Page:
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Perseverance: The Path to Maturity and Life
Faith Without Works is Dead
Taming the Tongue
Humility: Avoiding the Path to Death
Author: James, the half-brother of Jesus
Original Readers: Jewish Christian refugees, scattered in and beyond Judea
Date Written: c. AD 44
Written From: Jerusalem
Key Verse: 1:2-4; 1:22
Major Themes: Perseverance, Faith and Works, Speech, Rich and Poor
There’s no better way to understand the literary context than carefully observing what is said.
In light of both the literary and historical context, what was the original intended meaning of this passage?
In order for us to grow and mature more into Christ’s likeness, we must apply the truths we discover in our lives.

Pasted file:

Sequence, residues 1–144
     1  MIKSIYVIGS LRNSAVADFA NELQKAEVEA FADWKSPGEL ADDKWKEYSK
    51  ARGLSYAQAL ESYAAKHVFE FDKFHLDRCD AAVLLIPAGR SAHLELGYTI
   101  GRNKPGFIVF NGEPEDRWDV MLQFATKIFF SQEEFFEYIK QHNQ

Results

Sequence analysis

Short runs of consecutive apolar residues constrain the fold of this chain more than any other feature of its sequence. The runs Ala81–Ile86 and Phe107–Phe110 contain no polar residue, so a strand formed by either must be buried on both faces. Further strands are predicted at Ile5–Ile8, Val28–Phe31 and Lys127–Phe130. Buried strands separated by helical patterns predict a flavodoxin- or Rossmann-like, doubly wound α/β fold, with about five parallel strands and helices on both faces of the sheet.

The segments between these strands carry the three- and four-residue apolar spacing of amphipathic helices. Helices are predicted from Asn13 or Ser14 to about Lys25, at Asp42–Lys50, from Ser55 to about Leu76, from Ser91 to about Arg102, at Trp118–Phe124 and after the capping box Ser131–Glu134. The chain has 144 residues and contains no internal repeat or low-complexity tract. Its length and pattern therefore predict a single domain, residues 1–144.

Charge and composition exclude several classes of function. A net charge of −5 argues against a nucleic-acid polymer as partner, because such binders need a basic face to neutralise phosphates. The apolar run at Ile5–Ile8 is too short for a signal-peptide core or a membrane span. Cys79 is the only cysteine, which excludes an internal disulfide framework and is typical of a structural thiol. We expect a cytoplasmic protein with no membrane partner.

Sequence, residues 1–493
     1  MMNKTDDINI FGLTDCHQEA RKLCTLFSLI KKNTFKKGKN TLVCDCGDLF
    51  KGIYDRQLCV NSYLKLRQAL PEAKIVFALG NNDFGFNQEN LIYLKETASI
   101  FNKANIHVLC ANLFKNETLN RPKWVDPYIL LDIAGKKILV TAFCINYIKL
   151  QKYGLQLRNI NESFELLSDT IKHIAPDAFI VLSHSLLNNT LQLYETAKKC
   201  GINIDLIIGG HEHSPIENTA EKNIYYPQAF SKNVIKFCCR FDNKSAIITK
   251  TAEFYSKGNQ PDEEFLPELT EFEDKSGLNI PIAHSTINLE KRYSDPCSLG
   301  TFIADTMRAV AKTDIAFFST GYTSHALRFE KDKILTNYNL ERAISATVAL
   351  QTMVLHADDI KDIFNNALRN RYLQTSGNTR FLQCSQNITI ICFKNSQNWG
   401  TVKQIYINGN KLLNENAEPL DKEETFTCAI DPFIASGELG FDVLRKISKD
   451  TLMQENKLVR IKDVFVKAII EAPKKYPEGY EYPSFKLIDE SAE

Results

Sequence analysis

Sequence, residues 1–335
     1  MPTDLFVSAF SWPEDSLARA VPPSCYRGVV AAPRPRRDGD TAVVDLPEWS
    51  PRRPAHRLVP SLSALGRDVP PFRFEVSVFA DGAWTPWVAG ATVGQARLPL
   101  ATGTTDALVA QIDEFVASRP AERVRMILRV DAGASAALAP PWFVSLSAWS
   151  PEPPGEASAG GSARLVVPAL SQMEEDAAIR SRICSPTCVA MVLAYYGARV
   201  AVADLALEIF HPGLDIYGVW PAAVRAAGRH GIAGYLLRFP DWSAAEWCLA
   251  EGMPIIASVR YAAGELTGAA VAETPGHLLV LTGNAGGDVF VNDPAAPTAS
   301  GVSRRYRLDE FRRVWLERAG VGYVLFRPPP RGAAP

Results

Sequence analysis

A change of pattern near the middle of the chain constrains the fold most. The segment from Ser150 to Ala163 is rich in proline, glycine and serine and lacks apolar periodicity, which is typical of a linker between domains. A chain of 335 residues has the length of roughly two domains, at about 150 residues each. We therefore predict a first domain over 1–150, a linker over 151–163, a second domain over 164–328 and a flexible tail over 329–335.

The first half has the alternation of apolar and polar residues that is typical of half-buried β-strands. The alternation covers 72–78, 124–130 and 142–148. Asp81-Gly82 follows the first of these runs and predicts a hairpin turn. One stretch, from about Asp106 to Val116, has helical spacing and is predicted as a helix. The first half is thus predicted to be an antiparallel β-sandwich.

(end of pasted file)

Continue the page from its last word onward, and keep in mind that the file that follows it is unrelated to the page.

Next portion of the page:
In this video, we examine the reasons why James and other New Testament authors tend to speak harshly towards the wealthy and what the Bible would have us understand about money, regardless of the amount in our bank account.
* HELPFUL NOTES
1:26-27 James is not using “religion” here in a negative sense, as a synonym for legalism. Instead, its meaning here is similar to “godliness” or “spirituality.”
The message of James’ letter is challenging, especially his apparent contradiction of Paul’s teaching on justification by faith and not works of the law (Rom 3:28). Here we explore whether or not James and Paul fundamentally disagree on the basis of our justification.
* HELPFUL NOTES
4:2 The original readers are probably not literally killing each other. James is simply communicating the seriousness of fights, quarrels, and anger, not unlike Jesus did in the Sermon on the Mount (Matt 5:21-26).
4:11-12 To help interpret these verses, look up what the law says about how to treat your neighbor in Leviticus 19:16 and 19:18.